We're sorry, but the page you were seeking does not exist. It may have been moved or expired. Perhaps our search engine can help.
Alaskans on Medicare deserve some help. A recent survey by the University of Alaska confirms what many seniors know from experience. If you're older than 65, and rely on Medicare, most general practice, or "primary care" physicians won't see you. It's a problem that is most acute in Anchorage, but is starting to spread across the state. It's a problem we should fix.
Until last year the state had an excuse not to step in. Medicare is a federal program that doesn't allow much state intervention. But last year that changed a little, thanks to a provision some of us worked on with Sen. Mark Begich D-Alaska, and that he succeeded at passing last spring. His amendment clarified states can offer competitive grants to medical providers who'll agree to see more seniors, and help solve the medical provider shortage. The state doesn't have the power to re-do Medicare, but we can choose something better than the status quo - leaving too many seniors without appropriate medical care.
To craft solutions, you need to understand the problem. In Alaska the federal Medicare reimbursement rate has been set artificially low for many services. Primary care, or general medical visits must get billed under the Medicare "office visit" code. Most primary care practitioners truly lose money by taking Medicare patients. Some choose to lose money out of their duty to serve. Other physicians, and non-physician medical providers face similar problems.
Why has this been so hard for the Alaska delegation to fix? Because federal reimbursement rates differ around the nation. This federally-set rate is fair in many places, and is not as big a problem for the constituents of other senators.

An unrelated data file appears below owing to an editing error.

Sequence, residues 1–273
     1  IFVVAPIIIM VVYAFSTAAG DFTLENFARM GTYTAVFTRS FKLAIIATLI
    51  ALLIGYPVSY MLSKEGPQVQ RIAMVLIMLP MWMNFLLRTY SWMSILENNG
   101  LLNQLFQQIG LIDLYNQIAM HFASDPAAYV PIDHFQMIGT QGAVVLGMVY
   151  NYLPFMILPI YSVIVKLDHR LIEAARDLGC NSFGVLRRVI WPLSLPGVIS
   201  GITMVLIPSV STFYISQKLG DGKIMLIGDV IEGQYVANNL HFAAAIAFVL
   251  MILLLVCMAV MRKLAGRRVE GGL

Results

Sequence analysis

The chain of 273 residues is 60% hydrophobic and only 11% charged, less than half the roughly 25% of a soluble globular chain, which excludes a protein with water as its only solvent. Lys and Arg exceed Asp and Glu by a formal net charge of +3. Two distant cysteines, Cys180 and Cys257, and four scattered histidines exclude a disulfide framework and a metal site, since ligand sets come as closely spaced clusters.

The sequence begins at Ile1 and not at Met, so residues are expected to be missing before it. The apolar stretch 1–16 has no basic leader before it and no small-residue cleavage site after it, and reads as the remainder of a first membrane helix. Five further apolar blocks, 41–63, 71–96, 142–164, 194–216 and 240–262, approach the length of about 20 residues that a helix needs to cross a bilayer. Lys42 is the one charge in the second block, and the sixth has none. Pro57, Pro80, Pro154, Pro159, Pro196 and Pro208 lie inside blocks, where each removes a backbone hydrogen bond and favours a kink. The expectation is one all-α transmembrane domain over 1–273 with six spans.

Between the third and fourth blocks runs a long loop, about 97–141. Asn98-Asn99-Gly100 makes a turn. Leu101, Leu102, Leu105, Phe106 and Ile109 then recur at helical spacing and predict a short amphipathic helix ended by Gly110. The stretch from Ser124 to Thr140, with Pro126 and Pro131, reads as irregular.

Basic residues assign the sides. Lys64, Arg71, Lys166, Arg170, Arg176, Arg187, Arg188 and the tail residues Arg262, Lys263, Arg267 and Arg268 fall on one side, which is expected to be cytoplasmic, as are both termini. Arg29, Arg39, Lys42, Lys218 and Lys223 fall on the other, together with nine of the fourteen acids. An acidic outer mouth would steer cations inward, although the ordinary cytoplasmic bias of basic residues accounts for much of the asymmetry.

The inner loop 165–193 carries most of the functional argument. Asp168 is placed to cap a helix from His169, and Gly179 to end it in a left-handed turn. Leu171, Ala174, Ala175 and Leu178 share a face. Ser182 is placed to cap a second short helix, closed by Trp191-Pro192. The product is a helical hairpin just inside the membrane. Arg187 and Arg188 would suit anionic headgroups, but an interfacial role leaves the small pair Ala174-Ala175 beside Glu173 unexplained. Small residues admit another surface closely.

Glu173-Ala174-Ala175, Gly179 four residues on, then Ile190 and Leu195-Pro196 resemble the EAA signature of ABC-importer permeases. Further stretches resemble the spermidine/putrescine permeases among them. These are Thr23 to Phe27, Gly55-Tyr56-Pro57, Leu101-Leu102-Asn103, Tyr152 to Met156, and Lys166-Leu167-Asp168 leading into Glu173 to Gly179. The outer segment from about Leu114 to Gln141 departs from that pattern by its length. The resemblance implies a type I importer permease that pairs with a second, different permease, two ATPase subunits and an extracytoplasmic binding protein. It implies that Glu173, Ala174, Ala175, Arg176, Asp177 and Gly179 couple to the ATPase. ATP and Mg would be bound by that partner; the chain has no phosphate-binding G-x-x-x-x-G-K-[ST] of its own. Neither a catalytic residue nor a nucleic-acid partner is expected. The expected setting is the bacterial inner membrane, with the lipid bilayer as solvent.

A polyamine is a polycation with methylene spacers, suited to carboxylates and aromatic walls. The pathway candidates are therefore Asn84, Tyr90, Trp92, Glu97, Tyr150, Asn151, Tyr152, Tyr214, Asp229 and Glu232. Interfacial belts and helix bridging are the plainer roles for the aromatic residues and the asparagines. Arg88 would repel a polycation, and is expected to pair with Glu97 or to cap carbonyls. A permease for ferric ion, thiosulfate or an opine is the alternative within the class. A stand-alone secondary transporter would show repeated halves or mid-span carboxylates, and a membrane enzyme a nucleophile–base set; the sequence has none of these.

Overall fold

A recent University of Alaska survey in Anchorage shows only 17 percent of primary care physicians will treat new Medicare patients. Roughly 47 percent only treat those who started seeing the physician before they turned 65. The rest have to forego treatment, seek treatment at an inadequately funded community health clinic, go to the emergency room, or pay out of pocket. This problem was worse before this year, when Begich, like Sen. Ted Stevens before him, was able to secure a modest rate increase in the health care bill.
Skeptical that medical providers really lose money under Medicare in Alaska? I was skeptical at first. But after study, and hearings our office organized two years ago, it became clear that certain Medicare reimbursement rates result in real financial loss to providers. Here's some evidence. Medicare allows "community health centers" to bill office visits at a roughly 35 percent higher rate than private doctors can. Anchorage's community health clinic barely breaks even at that higher rate.
States are allowed few, but real options to help under the Medicare statute. We can provide more treatment by helping Alaska's community health clinics to treat more people. We can do what the Legislature did last year, and subsidize the development of private Medicare clinics. And Providence Hospital is willing to lose money by moving forward with another. All these options need to be part of the final puzzle, but they won't solve it alone.
The Begich amendment allows us another option. Until it passed, the federal government interpreted the law narrowly, and was hostile to attempts by states to supplement the Medicare reimbursement rate. I filed legislation in 2009 to try to get around that prohibition, and was told by federal authorities that it would not be allowed under the Medicare statute. We then began work with Begich to find a way around this problem. Rep. Lindsey Holmes, D-Anchorage, helped in our work with Begich.
The Begich amendment now makes clear that states have broad leeway to devise grants to primary care providers. Alaska has the leeway to devise a competitive grant that targets providers who would otherwise lose money by taking on Medicare patients. I'd envision it would go to the providers who will expand services to the most seniors, for the least amount of grant funding.
The law allows for other approaches as well. In January we should work together so that seniors who need medical care, get medical care.
Gara is an Anchorage Democrat. He serves District 23 in Alaska's House of Representatives.